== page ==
British Go Journal No. 65. July 1985. Page 20.

From Brian Timmins

The second article to appear in the journal on the shortcomings of male Go players prompts me to reply to the criticism that both women proffer: namely that the Go-man is a boring monomaniac.

Pooling our many other interests, the men at our club could discuss anything from Buxtehude to Bonaventure des Périers in a pub or at a party. But at a Go tournament one topic is all important, I want to lament the tenuki that lost a war, and play fair by listening to other Go-mens campaigns.

Go is a form of escapism as defensible as reading fiction. It takes one away from the sordid absurdities of simultaneous food mountains and famine.

Deference to other topics and to small-talk should not be sought at a tournament. For one precious weekend we want to maintain a fiction. To drag in other topics is as considerate as asking someone how they feel about the Common Market when theyre in the middle of a good novel.

Men generally keep to this tacit view that go can peak into all-importance. Why not women? Soames Forsyte nutshelled it when he advised a younger man (too late to be of avail to himself) that "Women like to be talked to." Herein lies male superiority: sorry girls, we can answer that need, but dont share it.

To be fair, Ill point out before you do, that my wife plays Go. However at a tournament or on the way home from the local Go club there is only one imaginable topic of conversation.

From Jay Rastall

I travelled from Kent to play in the recent Bracknell Tournament. I arrived in good time, since, having not entered in advance, I was to be counted as a late entrant, with (according to advance publicity) either the possibility of a bye or a £1.50 surcharge. Eventually registration started. I wasnt the first to spot this, so there were other late entrants ahead of me on the list. Then it was explained that lunch might not be available for late entrants, so I wasn't given a ticket.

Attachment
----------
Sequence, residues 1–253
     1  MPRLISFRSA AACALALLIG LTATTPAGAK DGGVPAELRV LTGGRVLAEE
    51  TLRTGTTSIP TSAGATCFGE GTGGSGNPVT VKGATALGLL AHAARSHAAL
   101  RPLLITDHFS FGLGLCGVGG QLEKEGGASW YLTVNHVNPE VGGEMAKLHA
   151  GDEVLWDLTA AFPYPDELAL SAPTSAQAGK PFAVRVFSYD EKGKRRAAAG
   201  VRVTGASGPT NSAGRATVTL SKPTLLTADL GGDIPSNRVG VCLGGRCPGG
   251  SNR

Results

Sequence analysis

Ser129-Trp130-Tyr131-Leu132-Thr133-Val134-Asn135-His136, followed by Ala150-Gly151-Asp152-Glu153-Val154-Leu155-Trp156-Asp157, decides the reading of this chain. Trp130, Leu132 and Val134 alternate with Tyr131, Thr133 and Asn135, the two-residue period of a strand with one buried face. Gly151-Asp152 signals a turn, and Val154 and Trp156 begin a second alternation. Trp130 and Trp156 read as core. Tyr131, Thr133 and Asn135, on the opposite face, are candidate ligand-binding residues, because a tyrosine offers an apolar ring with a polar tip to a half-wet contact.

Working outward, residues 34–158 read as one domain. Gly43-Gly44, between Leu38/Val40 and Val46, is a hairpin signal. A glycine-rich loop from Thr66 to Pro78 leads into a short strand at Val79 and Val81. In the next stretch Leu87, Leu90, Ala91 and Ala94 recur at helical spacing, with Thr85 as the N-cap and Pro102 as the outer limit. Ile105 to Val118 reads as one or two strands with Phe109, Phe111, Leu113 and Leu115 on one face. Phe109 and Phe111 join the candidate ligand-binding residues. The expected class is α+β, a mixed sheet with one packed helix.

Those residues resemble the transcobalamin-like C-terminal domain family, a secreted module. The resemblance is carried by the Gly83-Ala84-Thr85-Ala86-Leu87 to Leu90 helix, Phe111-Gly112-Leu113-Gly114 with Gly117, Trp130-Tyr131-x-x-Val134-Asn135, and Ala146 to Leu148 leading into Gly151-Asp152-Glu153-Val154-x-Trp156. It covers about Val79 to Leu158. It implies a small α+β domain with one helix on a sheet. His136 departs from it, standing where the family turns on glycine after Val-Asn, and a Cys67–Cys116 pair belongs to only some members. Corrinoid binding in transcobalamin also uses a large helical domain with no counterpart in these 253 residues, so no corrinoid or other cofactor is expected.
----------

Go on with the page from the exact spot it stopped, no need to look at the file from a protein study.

Having duly paid the entry fee and surcharge (no refund for no lunch). I played the first round and won. My reward - a lunch ticket - which nobody in the canteen wanted to see! After lunch I duly played round 2, reported my result, and even did byo-yomi for a neighbouring table. By now the gap between rounds had stretched to over an hour, only mitigated by the F.A. Cup Final on the TV In the bar.

Finally the draw for the 3rd round was announced, but my name was missing. Subsequent investigation showed that as 3rd and last late entrant, it was my turn for a bye. Fighting back my disappointment, I remembered the advance publicity - bye OR surcharge. I sought the organiser, claimed my £1.50 and left, disgruntled.

I dont think Ill bother next year.


As mentioned in a recent GW, 5000 Go sets are sold in Britain each year. Ignoring the theory that this is the work of someone with a peculiar fetish, we have been trying to trace this lost tribe of Go players.

This is the result of our investigations:

  • Steve Davis - thought to be a good Kyu player
  • Cyclops - became extinct due to tendency to form only one eye.
  • Rengo Starr - used to play Go in a group.
  • Ko Stark - keeps taking them off.
  • Captain Kirk - known for boldly Go-ing.
  • Desperate Dan - used to bite off too much, but still managed to eat it.

Harry Kiri


This article is from the British Go Journal Issue 65
which is one of a series of back issues now available on the web.

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